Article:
A 12V 300W inverter is likely to need a 400 Amp fuse on its DC supply, and that 400Amp rating is likely to be the controlling factor in your installation if you keep the wires as short as you have planned. If fused for 400 Amps, the wire NEEDS to be able to carry that without overheating. I am pretty sure if you run the numbers you will find the "recommended" AWG 1/0 wire is much too small to safely carry these currents--even if the voltage drop seems to be OK at the normal operating load.

Here is an extreme example: a 3 inch length of 12AWG wire will calculate an acceptable voltage drop for well over 100 Amps, but it will rapidly overheat if used in such a case.

That's an exceptionally good point I had overlooked, and explains why I find differing recommendations.

This site recommends 2/0 wire has an ampacity of 330 amps and is acceptable for up to a 214 amp load, and recommends 4/0 wire with an ampacity of 445 amps for loads over 214 amps. It also recommends a 400 amp breaker.


That definitely helps reconcile the difference between the calculators and the recommendations, as well as my own expectations.
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Old 25-01-2021, 20:56   #4
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Re: Large (3000w) inverter/charger cables size?

Iíve got a 2500 watt inverter with 2/0 and about six feet between the 12v and ground combined. Donít forget you need to look at the combined length.
And my fuse is 250A class T.
Look at the interrupting capacity of the fuse and the current your batteries can deliver into those cables. Not all fuses can clear a short under those circumstances. Dc metal vapor arcs are brutal.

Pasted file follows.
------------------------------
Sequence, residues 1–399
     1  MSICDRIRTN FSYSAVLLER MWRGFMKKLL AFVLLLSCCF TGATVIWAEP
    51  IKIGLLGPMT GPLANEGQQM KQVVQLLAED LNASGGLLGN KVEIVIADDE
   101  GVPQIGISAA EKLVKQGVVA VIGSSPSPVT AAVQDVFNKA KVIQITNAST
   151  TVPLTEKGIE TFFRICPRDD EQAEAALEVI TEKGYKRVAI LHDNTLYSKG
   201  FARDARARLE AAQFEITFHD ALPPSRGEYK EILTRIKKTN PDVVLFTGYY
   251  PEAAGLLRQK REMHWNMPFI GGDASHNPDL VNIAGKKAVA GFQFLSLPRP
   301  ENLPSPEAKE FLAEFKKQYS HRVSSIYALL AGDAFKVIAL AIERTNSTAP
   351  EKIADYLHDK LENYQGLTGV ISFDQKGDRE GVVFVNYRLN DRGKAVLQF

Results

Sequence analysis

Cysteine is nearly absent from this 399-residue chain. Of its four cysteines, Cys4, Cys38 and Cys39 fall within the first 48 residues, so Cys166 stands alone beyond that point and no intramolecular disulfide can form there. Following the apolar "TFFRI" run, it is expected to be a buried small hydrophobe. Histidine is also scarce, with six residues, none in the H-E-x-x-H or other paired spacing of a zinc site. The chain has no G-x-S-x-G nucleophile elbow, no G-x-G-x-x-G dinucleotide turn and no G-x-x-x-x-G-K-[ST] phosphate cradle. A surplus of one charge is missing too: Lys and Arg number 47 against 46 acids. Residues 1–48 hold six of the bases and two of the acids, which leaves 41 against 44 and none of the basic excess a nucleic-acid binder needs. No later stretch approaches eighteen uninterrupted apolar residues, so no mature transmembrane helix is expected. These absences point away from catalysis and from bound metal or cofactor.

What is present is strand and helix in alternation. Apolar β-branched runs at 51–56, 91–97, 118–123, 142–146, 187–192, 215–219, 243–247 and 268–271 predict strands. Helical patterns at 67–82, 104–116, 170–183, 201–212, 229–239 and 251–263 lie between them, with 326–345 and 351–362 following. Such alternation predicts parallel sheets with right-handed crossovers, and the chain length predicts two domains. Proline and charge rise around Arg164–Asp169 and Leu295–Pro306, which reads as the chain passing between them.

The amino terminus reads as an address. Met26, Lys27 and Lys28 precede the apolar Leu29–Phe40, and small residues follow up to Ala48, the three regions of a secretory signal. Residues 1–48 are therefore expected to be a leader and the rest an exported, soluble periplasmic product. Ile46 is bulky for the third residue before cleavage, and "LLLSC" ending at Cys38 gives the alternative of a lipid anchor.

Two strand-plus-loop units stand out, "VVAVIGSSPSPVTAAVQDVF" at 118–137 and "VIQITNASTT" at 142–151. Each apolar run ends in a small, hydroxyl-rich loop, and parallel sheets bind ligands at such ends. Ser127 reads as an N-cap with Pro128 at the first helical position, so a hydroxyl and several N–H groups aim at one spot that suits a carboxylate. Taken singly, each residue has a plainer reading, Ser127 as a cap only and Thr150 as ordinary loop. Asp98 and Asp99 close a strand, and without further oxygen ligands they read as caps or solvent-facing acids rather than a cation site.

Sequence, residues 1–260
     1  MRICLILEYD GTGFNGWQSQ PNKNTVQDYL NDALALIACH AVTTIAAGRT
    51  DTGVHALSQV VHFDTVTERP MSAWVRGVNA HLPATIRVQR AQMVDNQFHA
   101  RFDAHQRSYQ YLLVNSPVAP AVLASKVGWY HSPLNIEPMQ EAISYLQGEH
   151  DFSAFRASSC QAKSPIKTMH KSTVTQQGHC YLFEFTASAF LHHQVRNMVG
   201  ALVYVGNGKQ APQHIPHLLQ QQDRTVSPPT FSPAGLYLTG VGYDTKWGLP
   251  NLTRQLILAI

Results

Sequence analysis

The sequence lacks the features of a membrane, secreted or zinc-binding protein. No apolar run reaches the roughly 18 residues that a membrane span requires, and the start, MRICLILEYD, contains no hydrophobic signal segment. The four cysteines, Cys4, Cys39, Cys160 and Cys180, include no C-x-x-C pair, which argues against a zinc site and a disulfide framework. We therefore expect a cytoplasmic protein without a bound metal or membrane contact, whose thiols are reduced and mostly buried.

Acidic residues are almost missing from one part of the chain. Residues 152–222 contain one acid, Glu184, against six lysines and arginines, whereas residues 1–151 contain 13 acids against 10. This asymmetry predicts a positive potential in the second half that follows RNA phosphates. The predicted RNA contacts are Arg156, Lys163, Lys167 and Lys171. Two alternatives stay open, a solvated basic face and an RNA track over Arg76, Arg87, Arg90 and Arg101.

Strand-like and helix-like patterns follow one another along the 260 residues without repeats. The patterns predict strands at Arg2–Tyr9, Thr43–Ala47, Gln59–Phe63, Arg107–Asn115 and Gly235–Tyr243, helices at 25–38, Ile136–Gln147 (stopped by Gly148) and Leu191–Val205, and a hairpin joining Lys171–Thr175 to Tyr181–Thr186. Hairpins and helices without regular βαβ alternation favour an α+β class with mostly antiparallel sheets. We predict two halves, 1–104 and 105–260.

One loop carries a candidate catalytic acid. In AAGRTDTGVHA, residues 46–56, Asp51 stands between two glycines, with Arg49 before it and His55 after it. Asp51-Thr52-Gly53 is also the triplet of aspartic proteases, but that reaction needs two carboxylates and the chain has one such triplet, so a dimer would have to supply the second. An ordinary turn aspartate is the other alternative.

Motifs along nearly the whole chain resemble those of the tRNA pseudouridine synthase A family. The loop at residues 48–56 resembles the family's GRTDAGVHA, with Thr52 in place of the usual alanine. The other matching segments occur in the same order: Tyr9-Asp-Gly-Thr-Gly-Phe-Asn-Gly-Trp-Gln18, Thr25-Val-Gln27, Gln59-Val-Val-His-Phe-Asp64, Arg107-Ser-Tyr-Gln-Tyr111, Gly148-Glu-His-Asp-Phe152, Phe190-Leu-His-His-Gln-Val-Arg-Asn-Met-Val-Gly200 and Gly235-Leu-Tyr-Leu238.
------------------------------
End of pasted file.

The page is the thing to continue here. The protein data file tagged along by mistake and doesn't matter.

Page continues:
As well the AC ground wire for the inverter should be heavy enough that if the 12v shorts to the AC ground (likely tied to dc ground) the fuse will blow before the AC ground bursts in to flames.
Or so says ABYC Iíve read.
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Old 25-01-2021, 21:15   #5
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Re: Large (3000w) inverter/charger cables size?

Quote:
Originally Posted by ForeverDes View Post
I will likely choose a 3000w inverter/charger with the expectation of charging a 280ah LFP bank.
If you use anywhere close to 3000W for very long with such a small bank, you will drain those batteries very, very quickly.
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Old 26-01-2021, 00:49   #6
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Re: Large (3000w) inverter/charger cables size?

Read the manual. Normally 2/0 for 2000w and 4/0 for 3000w. Cables less then 5’
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Old 26-01-2021, 08:17   #7
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Re: Large (3000w) inverter/charger cables size?